The university’s enrollment for fall 2015 hit an all-time record of 23,838, largest in Mississippi. That’s up more than 40 percent in 10 years, rising from 16,947 students in fall 2005. Enrollment has grown for 21 consecutive years.
The university’s rapid growth has been recognized by the Chronicle of Higher Education, which named Ole Miss the nation’s 13th-fastest growing university in its Almanac of Higher Education.
The Ole Miss student body includes representatives from 48 states, the District of Columbia and 90 foreign countries.
For the 2015-16 academic year, the youngest undergraduate was 16 years old and the oldest was 88.
The university is designed as a Top School for military personnel and veterans in Military Advanced Education & Transition’s 2016 Guide to Colleges and Universities. This is the third consecutive year UM has earned this honor, which measures best practices in military and veteran education.
The University of Mississippi is included in the elite group of R-1: Doctoral Universities – Highest Research Activity by the Carnegie Classification of Institutions of Higher Education, the definitive list for the top doctoral research universities in the United States.
The university has produced 25 Rhodes Scholars, putting it among the nation’s elite institutions in terms of alumni who have won what is considered the world’s most prestigious scholarship.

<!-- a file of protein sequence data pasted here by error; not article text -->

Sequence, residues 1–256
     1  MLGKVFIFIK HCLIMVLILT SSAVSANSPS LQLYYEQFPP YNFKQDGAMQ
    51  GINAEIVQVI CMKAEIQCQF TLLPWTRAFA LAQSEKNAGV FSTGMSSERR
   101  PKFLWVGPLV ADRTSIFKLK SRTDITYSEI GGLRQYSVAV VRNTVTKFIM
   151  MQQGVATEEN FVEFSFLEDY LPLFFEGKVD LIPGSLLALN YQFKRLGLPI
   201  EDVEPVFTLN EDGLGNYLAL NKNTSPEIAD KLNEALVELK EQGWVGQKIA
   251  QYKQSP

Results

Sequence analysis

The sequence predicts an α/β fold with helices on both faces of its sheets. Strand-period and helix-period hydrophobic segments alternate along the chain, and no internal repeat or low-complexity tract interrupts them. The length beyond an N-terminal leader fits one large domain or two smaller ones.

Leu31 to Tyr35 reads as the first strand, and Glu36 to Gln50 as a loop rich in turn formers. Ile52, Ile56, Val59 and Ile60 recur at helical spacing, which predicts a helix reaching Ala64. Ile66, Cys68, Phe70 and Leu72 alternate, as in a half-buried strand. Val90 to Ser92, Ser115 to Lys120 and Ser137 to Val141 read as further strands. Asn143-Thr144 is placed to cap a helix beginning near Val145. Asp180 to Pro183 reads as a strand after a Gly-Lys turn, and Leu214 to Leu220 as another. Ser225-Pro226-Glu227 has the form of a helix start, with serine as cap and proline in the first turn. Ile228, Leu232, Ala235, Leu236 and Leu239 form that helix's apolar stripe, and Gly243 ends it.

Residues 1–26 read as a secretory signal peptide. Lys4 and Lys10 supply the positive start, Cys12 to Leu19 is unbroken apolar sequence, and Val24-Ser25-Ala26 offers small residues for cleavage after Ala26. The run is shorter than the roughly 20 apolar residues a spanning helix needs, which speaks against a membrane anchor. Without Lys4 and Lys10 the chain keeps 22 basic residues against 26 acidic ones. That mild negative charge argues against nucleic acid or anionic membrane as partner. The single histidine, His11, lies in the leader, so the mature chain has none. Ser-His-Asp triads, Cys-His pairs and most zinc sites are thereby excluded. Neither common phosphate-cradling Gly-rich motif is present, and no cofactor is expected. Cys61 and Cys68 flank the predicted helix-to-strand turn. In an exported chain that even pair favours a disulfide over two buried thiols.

The university became co-ed in 1882 and in 1885 became the first in the Southeast to hire female faculty members.
The University Museum has been ranked as one of the 20 Best College Art Museums by Complex Art & Design. Praised for the breadth of its collections – including Southern folk art, Greek and Roman antiquities, 19th century scientific instruments and American fine art – the UM museum was ranked at No. 17, in the company of campus museums at Harvard, Howard and Princeton universities.
The university maintains Rowan Oak, home of Nobel Prize-winning author William Faulkner and also has a large collection of the writer’s manuscripts and papers. The Greek Revival house, which has been designated a National Historic Landmark, dates from the 1840s and is open for tours.